Public Interest

What are the psychological effects of menopause at work?

Menopause can have various psychological and physical effects on women at work. These effects can impact women's productivity, confidence, and ability to maintain healthy working relationships.

Here are the psychological effects of menopause that women face and how it may affect work: 

  • Mood Swings: Menopause can cause mood swings due to hormonal changes in the body. These mood swings can range from irritability and anxiety to depression and lack of motivation. These changes can impact a woman's ability to work effectively and can make it challenging for them to maintain healthy working relationships with colleagues.
  • Difficulty Concentrating: Menopause can also lead to difficulty concentrating, known as "brain fog." This can make it challenging for women to focus on their work, complete tasks, and remember important information. Women may feel as if their cognitive abilities have declined, which can impact their confidence in their abilities.
  • Sleep Disturbances: Menopause can also cause sleep disturbances, such as insomnia and hot flashes. These disturbances can impact a woman's ability to get adequate rest, leading to fatigue and reduced productivity at work. Women may also feel more irritable and have difficulty managing stress due to lack of sleep.
  • Anxiety and Depression: Menopause can also lead to increased feelings of anxiety and depression. This can impact a woman's ability to work effectively and can lead to absenteeism and decreased productivity. Women may also feel isolated and unsupported, which can exacerbate feelings of anxiety and depression.
  • Stigma and Discrimination: Menopause is still a taboo topic in many workplaces, and women may feel stigmatized or discriminated against due to their age and menopausal status. This can lead to feelings of isolation and a lack of support from colleagues and managers.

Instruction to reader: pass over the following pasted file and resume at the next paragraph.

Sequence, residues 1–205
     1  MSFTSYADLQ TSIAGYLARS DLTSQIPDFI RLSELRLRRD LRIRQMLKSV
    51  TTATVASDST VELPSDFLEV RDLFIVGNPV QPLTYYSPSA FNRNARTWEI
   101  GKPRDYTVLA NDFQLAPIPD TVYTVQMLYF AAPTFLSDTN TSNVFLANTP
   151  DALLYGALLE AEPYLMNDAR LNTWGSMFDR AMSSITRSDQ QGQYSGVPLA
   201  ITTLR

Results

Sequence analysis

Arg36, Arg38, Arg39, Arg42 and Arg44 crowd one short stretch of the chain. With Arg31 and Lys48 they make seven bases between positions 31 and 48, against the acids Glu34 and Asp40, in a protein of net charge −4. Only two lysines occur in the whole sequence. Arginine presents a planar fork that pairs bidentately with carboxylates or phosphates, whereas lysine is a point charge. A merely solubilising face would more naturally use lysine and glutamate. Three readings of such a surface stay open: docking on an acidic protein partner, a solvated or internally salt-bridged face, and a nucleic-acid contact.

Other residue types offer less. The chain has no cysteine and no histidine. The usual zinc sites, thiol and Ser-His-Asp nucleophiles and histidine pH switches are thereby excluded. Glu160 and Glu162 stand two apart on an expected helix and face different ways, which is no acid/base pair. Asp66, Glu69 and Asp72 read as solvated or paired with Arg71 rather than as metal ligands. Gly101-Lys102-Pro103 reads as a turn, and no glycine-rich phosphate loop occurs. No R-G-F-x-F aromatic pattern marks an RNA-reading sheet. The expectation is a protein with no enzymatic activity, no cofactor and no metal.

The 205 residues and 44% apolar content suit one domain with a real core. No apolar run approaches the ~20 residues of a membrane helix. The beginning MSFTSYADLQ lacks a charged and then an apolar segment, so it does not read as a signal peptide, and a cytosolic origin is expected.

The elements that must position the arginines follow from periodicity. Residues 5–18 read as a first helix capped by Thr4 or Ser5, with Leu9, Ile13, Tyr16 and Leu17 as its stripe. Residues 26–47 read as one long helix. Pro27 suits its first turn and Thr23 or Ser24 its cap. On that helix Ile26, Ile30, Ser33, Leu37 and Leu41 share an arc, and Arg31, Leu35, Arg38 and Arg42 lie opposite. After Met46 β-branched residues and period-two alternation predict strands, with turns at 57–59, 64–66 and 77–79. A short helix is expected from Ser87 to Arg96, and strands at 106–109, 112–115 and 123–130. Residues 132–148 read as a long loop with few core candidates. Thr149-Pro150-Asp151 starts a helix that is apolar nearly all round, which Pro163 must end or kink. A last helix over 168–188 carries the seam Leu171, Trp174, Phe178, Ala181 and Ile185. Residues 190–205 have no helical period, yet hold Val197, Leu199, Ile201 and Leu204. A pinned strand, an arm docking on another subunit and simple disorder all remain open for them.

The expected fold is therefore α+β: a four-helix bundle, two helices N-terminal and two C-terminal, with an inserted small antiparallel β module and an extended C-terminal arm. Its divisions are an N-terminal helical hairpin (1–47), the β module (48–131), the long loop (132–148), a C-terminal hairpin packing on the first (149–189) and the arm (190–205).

• Imposter Syndrome: Menopause can also lead to imposter syndrome, where women feel as if they do not belong in their roles and have only succeeded due to luck or circumstance. This can impact their confidence and ability to take on new challenges and responsibilities at work.


Here are some ways employers can help support women going through menopause and ensure that it does not impact their work and health negatively:

  • Flexible Work Arrangements: Employers can offer flexible work arrangements such as part-time work, telecommuting, or flexible working hours to help women manage their menopause symptoms better.
  • Access to Healthcare Resources: Employers can provide access to healthcare resources such as counseling and support groups to help women cope with the psychological effects of menopause.
  • Education and Training: Employers can provide education and training to raise awareness of menopause and its impact on women in the workplace. This can help to reduce stigma and discrimination and foster a more supportive and inclusive work culture.
  • Temperature Control: Employers can provide temperature control in the workplace to help women manage hot flashes and other physical symptoms of menopause.
  • Employee Assistance Programs (EAP): Employers can offer Employee Assistance Programs (EAP) that provide support and resources to employees going through menopause.
  • Positive Workplace Culture: This can include promoting work-life balance, diversity and inclusion, and providing mentorship opportunities.
  • Reasonable Accommodations: Accommodations for women going through menopause, such as providing a private space for self-care, and reducing physical demands.

Employers taking the following steps can also help to create a more supportive and inclusive workplace culture that values and supports all employees.